Rugby Australia will look into its “Giteau Law” criteria to expand its eligibility laws and broaden its pool of players for Wallabies selection, chief executive Andy Marinos has confirmed.
The Giteau Law allows players not attached to Australian Super Rugby teams to be eligible for Wallabies selection if they have played in more than 60 Tests and spent seven seasons in Australia. The rule was implemented in 2015.
Australia places limits on the eligibility of overseas-based players to represent the country to encourage more to stay home and support domestic rugby.
“We do need to look into eligibility,” Marinos told the Sydney Morning Herald on Sunday. “I’m not saying it’s going to be alpha and omega. But it will certainly bring a lot more experience and a lot more depth across the board.
“When you look at the pool of talent from which we are selecting in comparison to our biggest rivals; be it New Zealand, South Africa, Argentina, England – they have access and the ability to choose their very best players no matter where they’re playing.”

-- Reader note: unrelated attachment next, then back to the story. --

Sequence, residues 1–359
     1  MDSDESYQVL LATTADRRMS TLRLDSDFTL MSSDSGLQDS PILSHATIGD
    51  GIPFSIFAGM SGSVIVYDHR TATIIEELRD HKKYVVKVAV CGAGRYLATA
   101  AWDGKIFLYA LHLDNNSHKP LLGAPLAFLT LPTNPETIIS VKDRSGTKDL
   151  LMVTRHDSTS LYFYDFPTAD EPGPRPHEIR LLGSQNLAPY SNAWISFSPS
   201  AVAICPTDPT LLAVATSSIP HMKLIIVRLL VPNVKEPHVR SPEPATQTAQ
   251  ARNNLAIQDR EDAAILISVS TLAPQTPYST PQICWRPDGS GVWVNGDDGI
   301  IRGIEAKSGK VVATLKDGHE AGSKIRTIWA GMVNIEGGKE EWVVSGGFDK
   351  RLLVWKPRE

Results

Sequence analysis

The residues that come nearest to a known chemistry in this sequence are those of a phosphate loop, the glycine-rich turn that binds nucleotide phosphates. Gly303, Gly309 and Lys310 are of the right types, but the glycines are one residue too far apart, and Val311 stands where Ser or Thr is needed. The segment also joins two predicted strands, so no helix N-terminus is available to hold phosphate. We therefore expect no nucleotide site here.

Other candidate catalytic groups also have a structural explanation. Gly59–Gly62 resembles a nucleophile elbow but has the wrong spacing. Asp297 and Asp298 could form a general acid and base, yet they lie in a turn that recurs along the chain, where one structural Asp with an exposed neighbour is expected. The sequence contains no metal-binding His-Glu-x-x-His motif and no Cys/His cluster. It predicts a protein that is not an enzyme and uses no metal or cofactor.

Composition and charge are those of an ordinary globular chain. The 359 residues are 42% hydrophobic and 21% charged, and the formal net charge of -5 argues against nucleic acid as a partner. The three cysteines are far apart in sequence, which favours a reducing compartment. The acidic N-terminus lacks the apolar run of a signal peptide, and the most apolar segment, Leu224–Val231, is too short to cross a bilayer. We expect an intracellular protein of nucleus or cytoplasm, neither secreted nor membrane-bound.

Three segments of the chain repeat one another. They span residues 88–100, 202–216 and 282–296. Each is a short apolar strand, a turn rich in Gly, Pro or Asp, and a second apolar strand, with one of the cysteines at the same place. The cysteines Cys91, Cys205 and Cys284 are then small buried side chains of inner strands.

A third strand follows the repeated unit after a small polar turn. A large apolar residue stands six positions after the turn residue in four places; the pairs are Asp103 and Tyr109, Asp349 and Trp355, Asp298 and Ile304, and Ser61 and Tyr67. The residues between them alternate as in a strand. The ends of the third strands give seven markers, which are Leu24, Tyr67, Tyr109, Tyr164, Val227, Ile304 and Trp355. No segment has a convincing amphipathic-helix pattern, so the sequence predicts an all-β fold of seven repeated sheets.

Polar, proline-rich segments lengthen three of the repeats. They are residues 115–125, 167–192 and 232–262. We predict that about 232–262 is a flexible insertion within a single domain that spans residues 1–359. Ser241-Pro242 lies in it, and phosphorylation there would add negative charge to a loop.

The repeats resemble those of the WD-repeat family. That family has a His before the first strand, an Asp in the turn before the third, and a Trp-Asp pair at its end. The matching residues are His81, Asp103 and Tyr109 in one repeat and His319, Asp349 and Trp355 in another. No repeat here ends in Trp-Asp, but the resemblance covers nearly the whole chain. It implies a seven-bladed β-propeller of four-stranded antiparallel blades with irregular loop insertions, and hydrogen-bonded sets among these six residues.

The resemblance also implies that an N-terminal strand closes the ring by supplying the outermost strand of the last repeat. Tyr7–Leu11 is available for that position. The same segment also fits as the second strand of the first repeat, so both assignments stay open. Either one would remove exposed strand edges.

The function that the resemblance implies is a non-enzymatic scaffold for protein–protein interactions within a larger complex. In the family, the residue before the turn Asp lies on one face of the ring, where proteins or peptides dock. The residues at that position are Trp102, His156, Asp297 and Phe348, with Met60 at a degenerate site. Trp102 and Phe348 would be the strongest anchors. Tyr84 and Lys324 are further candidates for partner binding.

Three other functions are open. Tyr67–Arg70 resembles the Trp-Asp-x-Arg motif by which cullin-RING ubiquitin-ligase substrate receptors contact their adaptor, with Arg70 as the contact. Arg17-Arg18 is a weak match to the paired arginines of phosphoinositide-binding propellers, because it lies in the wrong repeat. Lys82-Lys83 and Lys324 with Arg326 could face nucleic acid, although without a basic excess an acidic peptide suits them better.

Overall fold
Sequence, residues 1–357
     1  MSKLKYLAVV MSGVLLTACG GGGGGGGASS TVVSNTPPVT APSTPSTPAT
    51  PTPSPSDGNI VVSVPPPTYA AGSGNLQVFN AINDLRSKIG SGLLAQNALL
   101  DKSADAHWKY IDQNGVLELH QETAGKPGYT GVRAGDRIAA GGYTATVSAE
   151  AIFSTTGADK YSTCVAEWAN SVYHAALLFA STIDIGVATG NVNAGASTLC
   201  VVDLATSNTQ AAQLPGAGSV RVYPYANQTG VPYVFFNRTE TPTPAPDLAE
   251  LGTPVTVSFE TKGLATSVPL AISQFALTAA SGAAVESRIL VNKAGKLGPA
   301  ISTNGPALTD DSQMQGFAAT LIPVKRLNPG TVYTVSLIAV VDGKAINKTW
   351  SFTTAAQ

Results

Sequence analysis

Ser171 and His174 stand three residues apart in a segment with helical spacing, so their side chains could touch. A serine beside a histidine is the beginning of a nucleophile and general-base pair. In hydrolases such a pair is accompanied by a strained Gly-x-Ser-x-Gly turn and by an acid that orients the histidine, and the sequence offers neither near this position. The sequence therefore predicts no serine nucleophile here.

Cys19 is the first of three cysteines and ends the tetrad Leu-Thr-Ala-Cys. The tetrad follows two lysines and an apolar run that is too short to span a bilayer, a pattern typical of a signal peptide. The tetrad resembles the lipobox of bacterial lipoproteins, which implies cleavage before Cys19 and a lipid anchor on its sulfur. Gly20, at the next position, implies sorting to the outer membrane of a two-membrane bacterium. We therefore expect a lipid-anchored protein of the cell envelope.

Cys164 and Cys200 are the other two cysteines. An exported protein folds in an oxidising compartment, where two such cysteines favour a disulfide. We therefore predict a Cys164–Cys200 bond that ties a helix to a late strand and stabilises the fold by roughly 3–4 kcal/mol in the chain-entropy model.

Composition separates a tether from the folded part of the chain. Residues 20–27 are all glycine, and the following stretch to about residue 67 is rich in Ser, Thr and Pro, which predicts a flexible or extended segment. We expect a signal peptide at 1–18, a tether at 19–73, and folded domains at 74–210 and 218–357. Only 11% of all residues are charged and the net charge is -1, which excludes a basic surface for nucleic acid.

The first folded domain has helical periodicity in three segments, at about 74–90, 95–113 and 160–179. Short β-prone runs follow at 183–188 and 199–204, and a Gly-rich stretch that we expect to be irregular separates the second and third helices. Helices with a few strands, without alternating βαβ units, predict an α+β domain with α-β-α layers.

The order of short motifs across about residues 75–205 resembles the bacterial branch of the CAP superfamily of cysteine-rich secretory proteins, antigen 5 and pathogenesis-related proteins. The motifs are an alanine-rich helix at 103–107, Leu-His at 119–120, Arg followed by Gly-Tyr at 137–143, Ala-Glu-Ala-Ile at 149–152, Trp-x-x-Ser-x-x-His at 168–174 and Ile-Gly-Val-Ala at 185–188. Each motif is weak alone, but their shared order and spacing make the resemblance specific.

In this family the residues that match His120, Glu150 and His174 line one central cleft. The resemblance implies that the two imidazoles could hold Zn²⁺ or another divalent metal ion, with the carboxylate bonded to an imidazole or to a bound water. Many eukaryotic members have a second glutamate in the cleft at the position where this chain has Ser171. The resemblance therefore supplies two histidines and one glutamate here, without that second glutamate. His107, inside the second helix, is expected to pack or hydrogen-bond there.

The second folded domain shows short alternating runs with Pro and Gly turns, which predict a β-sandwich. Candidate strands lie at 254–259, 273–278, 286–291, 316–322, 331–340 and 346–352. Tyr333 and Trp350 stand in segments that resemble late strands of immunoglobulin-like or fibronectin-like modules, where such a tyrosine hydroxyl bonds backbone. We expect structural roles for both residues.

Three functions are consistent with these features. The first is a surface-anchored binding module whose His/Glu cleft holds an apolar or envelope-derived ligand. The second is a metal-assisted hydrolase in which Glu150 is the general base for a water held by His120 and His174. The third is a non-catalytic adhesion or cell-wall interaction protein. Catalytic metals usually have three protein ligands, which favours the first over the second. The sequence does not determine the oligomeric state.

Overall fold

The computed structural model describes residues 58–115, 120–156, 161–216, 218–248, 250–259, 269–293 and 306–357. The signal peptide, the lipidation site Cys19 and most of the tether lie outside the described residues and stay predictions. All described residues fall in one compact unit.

Pundits have urged Rugby Australia to do away with the curbs, saying they have done little to prevent a player drain to more lucrative overseas markets while weakening the Wallabies’ playing stocks.
Australia lost the Bledisloe Cup for the 19th straight year after they were beaten 57-22 by New Zealand on Saturday.
RA last year expanded the Giteau Law to allow coach Dave Rennie to include two players who did not meet the 60-Test threshold in Wallabies squads for the Bledisloe Cup and Tri Nations. It was adjusted amid the border controls amid the COVID-19 pandemic, but Rennie did not utilise the tweak for the six Tests Australia played in 2020.
Rennie has however recently added both Duncan Paia’aua and Samu Kerevi to his Wallabies squad under the amendment, the latter after his stint with Australia’s sevens team in the Tokyo Olympics, while veteran Quade Cooper also linked up with the squad as cover for the injured James O’Connor.
Paia’aua and Cooper were both in New Zealand but did not feature for the Wallabies in either of the first two Bledisloe Cup encounters, while Kerevi will link with the squad in Perth. He is expected to come into calculations for selection as early as the final Bledisloe Cup game on Aug. 28.
Further adjusting the Giteau Law or abolishing it completely could create a situation where the likes of Will Skelton, Rory Arnold, Kurtley Beale, Sean McMahon and Tolu Latu would instantly again become available for national selection.